Common Core standards hurt Louisiana students

Daniel Horowitz, Staff Writer

The following is an opinion article, and opinion articles do not reflect the views of The Tulane Hullabaloo.

Requiring a Common Core curriculum is not the right method of education for Louisiana public schools. According to the Common Core State Standards Initiative, 43 states and Washington have adopted a new, rigorous set of math and language arts standards since 2009. The intention of this system was to help students in public schools succeed in both educational and post-educational settings. These standards, however, will not benefit Louisiana students and teachers.

Louisiana students currently rank No. 44 in language arts and No. 46 in math in the nation. To improve learning outcomes, the state adopted a higher set of Louisiana specific standards. The state specific standards represent a more locally controlled educational standard in contrast to the national Common Core.

Since Common Core standards are specific, teachers are not allowed the flexibility they may need to adapt to the students. The standards were made to be generic in an effort to reach many students. The generic nature inhibits that goal. All students are different, and Common Core standards do not take into account the existence of different needs for different students. Further, Common Core’s focus on students exhibiting competency in standards before being allowed to move on to the next standard may punish students who in reality need additional support to succeed. 

Many of the same arguments about the negative effects on students can be said for teachers. Each teacher has a different personality and different teaching style. The Common Core standards are so rigid that they prevent teachers from using their differences to personalize their teaching methods. Instead the standards force teachers to spend class time focusing on teaching to the standards that will be on standardized tests. While Common Core is supposed to be more lax than many existing state curricula in allowing teachers to adapt curriculum specifically to their classroom, there is a lack of clarity in how this will be achieved during implementation.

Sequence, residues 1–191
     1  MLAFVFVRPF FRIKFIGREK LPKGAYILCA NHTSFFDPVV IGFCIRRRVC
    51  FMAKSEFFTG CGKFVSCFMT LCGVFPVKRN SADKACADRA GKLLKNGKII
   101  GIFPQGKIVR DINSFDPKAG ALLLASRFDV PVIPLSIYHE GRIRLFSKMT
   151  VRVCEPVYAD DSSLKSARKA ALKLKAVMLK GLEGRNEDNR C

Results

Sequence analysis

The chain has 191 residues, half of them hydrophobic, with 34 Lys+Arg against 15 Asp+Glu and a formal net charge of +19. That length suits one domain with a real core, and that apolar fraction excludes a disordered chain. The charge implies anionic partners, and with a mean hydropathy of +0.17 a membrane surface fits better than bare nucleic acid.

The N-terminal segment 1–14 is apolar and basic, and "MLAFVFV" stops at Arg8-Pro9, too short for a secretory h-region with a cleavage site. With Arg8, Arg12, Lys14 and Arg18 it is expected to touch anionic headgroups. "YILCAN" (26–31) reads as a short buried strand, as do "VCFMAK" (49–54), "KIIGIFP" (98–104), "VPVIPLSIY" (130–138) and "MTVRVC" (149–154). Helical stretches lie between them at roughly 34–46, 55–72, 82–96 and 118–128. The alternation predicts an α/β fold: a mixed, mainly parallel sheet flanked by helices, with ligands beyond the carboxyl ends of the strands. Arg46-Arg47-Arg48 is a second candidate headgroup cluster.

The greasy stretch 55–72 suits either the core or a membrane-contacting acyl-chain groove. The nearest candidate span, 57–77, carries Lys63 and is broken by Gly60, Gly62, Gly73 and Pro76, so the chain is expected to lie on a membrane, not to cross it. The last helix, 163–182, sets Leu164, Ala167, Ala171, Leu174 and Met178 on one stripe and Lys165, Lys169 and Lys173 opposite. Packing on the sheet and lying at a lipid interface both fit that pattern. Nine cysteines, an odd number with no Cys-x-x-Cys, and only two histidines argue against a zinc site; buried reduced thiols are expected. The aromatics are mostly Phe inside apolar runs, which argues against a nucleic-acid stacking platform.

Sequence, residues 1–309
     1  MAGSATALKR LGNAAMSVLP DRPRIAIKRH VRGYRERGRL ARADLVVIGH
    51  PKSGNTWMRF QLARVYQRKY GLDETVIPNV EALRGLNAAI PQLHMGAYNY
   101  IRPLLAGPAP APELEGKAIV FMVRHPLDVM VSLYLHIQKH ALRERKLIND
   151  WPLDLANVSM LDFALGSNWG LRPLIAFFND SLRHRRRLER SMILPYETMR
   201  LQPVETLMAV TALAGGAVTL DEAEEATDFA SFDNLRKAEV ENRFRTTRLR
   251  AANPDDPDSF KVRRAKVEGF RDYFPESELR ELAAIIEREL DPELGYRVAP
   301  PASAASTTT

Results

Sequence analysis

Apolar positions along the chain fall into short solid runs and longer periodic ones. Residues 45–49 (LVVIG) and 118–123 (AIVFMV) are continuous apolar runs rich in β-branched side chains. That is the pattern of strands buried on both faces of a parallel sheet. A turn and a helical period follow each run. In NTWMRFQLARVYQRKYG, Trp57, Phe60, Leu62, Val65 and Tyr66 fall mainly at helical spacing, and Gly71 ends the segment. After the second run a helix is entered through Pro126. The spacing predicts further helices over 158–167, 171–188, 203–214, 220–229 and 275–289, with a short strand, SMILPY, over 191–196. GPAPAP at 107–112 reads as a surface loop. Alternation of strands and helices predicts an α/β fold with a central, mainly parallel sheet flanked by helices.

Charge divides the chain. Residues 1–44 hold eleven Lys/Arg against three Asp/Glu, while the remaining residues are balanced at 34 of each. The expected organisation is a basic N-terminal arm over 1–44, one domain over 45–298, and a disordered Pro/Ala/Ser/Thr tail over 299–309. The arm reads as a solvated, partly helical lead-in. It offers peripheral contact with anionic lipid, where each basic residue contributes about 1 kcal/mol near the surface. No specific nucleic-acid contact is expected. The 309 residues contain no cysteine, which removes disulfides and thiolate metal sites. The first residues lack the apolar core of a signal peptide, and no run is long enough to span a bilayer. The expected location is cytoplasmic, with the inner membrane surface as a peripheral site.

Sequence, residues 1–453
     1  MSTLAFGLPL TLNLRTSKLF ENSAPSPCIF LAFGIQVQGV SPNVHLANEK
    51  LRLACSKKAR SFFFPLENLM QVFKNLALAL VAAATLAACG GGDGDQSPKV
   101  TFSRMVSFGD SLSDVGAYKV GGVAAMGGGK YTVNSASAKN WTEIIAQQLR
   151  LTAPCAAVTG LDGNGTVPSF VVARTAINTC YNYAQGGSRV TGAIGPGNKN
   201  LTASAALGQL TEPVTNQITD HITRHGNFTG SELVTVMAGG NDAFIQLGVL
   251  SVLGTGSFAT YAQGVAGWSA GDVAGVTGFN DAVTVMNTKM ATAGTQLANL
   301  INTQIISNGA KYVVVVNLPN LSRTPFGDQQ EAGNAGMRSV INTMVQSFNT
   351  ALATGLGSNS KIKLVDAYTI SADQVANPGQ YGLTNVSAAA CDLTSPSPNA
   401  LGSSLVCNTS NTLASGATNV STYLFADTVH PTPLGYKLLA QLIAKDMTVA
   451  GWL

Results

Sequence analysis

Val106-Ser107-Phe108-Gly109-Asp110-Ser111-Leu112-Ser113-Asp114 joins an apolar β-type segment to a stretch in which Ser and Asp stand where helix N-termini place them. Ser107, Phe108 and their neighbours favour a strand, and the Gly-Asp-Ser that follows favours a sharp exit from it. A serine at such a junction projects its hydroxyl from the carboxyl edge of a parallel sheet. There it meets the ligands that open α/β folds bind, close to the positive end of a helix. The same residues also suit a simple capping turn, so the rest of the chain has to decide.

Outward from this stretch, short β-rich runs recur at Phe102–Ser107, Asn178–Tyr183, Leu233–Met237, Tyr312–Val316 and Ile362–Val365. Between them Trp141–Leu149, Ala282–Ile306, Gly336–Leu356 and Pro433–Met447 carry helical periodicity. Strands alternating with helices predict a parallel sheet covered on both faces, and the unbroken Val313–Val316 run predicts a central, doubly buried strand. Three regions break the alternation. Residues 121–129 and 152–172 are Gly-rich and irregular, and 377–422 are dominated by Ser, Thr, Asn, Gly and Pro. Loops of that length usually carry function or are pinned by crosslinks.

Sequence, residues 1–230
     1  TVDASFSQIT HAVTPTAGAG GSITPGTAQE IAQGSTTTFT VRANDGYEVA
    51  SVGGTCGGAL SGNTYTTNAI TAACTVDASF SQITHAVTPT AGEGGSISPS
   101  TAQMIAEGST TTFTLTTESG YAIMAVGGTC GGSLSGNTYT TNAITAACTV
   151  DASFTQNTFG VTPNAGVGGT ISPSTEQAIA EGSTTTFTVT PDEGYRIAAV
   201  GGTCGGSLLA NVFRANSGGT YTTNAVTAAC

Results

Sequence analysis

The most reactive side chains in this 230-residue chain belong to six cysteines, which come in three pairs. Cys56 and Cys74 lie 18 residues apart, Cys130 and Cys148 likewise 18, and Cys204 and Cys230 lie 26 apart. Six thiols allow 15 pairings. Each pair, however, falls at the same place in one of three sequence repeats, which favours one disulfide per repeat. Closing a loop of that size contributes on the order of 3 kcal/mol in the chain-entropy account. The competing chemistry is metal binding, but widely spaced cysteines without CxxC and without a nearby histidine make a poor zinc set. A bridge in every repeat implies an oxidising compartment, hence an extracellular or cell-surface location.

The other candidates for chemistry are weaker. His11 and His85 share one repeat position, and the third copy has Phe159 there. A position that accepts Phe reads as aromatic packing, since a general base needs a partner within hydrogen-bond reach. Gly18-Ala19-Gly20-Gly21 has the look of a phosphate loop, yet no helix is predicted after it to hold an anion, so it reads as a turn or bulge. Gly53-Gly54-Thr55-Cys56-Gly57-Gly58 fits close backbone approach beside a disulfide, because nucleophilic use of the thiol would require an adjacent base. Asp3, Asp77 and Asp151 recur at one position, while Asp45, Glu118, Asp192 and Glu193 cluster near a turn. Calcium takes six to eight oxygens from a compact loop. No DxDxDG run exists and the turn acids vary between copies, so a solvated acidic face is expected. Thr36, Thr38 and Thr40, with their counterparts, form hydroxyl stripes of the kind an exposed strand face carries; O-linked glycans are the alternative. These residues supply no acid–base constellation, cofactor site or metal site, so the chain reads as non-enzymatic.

Further, Common Core encourages classroom sizes to grow. Since the standards are meant to target entire groups of students, there is no problem having many students in one classroom. Teachers should be able to have classroom sizes that let them target each student individually and cater to their needs so that no one gets lost while learning difficult material.

Instead of funneling money into the standards, funds should be put toward the schools and the teachers themselves. This way, we can afford to have smaller class sizes. According to The National Council of Teachers of English, smaller class sizes are beneficial since students are more engaged and schools can retain more effective teachers. 

Common Core is certainly fueled with good intentions. There is another way, however, that can help improve students’ performance in Louisiana and ensure their education is more personal. By giving the money that is budgeted to be spent on Common Core to the schools and teachers, Louisiana can improve education while also making sure it accommodates its students. In the end, students should be the focus.


Daniel Horowitz is a freshman in the Newcomb-Tulane College. He can be reached for comment at [email protected]